There’s a fine line between risk taking and dumb. Many of the great CEOs in today’s corporate world, including Amazon’s Jeff Bezos, Netflix’ Reed Hastings and Coke’s James Qunicey believe in the power of failure. If you are not taking risks, you are not thinking creatively enough they argue. One of Bezos’ great competencies, and there are many, is that he is quick to pull the plug on projects that don’t appear to pan out. As Scott Galloway points out in his new book, The Four: The Hidden DNA of Amazon, Apple, Facebook and Google,Bezos divides Amazon’s risk taking into two types: 1) Those you can’t walk back from (“This is the future of the company.”), and 2) Those you can (“This isn’t working, we’re out of here.).
There's an interesting and opportunistic shift taking place in the way large and small businesses go to market. BKBG members may view their role as creating new kitchens and baths for their clients. Their tasks may include designing the space, specifying and selling products, installation and performing quality control. Showrooms sell both products and services, and retail gurus are advising showrooms and other brick-and-mortar retailers to sell experiences and solve the needs and aspirations of their customers. When a showroom creates a new space in the customer's home, they can focus on experiences by relating how warm and fuzzy their clients will feel with the ability to create restaurant-quality meals in their home.
There are 4.8 million people in the U.S. who are 26 years old. They are the largest group of the Millennial generation, which is the largest generation in U.S. history. They are on the verge of dramatic lifestyle change that may involve marriage, buying a home or having a child. Millennials represent 42 percent of all homebuyers and 71 percent of all first-time homebuyers, according to Zillow Group, and 86 percent of Millennial homebuyers reported making at least one home improvement in the last year.
Do you know someone who believes they are right 100% of the time? These people are difficult to deal with, especially if they are your clients. They believe because they may have been successful in life, or achieved a certain financial or societal status, that they have the right to tell others what to do and how to do anything and everything. How do you deal with a know-it-all? According to Priscilla Claman, president of Career Strategies, the first step is to pick your battles wisely. If the advice, guidance, directive or request is not going to make a difference in the outcome of the project or compromise the integrity of your design, let it go.
Did you know that the average person receives 121 emails a day? Do you know anyone who wants to receive more than 121 emails daily? Probably not. How do you stand out? How do you make sure your emails are read? Look at email through a different lens. What message do you convey when you end your email, “sent from my mobile phone, please overlook typos? Simply because you use a mobile device to communicate does that give you a pass for shoddy communication?
Social media is one of the best ways to promote your showroom, but it isn’t enough to just post content to social whenever the mood strikes. The following tips regarding timing will help you make the most of your social media marketing.
Social media advertising budgets have doubled worldwide over the past two years. Hootsuite, a platform for managing social media, estimates that $31 billion was spent on social media in the U.S. in 2016, and approximately 86% of those funds went to Facebook. Are businesses seeing a return on their investment in social media advertising? Not likely, finds two recent studies. Splashlight, a visual content creation company, found that social media influences less than 33% of U.S. consumers when making purchasing decisions. Those findings mirror another study by Lithium Technologies that found most consumers object to being targeted by brands on their social media feeds.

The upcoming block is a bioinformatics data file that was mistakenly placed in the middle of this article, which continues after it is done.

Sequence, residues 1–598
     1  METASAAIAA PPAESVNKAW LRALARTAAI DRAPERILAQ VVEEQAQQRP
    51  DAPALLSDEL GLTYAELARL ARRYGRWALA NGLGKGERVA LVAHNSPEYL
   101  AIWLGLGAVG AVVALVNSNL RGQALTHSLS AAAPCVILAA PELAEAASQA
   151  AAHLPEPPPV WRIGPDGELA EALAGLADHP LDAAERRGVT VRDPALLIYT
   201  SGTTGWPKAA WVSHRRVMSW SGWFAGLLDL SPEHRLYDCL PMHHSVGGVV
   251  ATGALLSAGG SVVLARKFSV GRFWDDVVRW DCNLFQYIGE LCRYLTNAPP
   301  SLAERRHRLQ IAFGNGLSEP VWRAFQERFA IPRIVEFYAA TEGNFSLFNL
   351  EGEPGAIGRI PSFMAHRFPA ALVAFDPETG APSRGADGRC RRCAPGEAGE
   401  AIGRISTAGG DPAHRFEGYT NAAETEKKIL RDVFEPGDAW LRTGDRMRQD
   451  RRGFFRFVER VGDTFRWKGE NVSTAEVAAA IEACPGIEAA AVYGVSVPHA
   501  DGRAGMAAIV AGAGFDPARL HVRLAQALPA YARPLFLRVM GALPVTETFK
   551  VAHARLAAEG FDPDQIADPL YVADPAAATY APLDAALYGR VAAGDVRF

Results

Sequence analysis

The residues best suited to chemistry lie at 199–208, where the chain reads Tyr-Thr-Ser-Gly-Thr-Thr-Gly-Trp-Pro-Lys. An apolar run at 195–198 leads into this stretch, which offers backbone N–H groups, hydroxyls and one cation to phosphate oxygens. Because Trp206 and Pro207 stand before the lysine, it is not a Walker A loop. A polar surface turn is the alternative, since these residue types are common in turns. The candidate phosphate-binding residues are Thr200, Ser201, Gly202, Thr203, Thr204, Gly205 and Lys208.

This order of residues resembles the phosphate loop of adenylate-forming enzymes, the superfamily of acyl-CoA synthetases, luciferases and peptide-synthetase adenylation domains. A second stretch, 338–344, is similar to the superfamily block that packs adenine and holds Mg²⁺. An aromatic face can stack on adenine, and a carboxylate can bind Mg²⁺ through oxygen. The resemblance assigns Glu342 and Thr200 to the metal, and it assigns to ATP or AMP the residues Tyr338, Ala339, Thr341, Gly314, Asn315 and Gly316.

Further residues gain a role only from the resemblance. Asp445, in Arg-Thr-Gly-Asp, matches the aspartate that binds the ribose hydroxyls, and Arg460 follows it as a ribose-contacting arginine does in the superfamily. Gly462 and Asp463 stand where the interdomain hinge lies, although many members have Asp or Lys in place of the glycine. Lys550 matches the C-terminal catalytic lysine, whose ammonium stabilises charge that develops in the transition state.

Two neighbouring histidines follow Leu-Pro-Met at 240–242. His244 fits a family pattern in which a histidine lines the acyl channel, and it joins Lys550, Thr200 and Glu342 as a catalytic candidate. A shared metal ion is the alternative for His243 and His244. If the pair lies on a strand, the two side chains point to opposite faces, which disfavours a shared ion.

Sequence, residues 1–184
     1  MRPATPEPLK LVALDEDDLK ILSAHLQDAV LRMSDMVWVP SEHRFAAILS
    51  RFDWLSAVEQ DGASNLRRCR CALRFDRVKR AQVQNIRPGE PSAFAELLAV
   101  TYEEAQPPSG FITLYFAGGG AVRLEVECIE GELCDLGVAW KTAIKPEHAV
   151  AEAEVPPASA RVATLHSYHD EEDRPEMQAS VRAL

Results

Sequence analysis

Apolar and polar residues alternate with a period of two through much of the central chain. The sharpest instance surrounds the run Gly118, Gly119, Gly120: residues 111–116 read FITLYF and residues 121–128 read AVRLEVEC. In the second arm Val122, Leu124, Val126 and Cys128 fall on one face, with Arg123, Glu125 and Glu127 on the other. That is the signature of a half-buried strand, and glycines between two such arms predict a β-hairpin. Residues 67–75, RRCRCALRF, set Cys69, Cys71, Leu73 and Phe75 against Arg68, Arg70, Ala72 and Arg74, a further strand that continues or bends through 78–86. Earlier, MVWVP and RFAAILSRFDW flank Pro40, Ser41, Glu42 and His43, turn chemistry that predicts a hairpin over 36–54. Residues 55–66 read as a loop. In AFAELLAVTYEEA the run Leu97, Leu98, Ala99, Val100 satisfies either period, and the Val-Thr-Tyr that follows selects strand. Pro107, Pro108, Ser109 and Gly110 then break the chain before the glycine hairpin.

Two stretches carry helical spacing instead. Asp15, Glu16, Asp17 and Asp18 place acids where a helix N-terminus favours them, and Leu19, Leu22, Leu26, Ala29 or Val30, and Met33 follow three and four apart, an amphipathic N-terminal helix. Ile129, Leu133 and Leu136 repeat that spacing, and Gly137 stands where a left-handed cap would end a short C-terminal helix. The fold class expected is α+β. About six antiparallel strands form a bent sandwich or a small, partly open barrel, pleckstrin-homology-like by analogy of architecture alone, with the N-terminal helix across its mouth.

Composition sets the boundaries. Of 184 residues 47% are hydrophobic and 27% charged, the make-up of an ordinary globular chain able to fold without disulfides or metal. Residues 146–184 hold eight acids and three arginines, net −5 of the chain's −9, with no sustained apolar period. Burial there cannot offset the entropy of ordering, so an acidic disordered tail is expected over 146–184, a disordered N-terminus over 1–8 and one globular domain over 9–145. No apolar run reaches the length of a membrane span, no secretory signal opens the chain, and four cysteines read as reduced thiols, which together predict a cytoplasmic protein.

Brandsource founder and best-selling author Don Miller explained why kitchen and bath showrooms need to tell compelling brand stories where the hero is not your company, but the client. Noted marketing author and blogger Bernadette Jiwa points out that most businesses think of story as a way to create and communicate value. However, story needs to move beyond a medium for becoming better known, increasing sales or making more profits. Jiwa notes, “the story, not of what is, but what’s at stake and what could be is what drives our desire to succeed.”
Harley Davidson’s brand is one of the most valued and recognized in the world. Why else would many of its customers tattoo the company’s logo to their bodies? Harley Davidson customers’ brand affinity has little to do with horsepower, handle bar configuration or time it takes to go 0 to 60 miles an hour. Sam Hill and Glenn Rifkin brilliantly summarized the appeal of Harley Davidson’s brand in their book Radical Marketing. They wrote that Harley Davidson represents, “a lifestyle, a work of art and an emotional connection to a widespread and unique community.” If you ever speak to a Harley owner and ask them why they chose the brand, they will most likely reference the feeling they get when they ride their bike.
Five years ago, no one would bet on Best Buy. The poster child for showrooming, Best Buy appeared destined for the same graveyard that housed vanquished competitors Circuit City and Radio Shack. Best Buy appointed Hubert Joly as its new CEO in 2012, and he developed a plan dubbed Renew Blue that featured: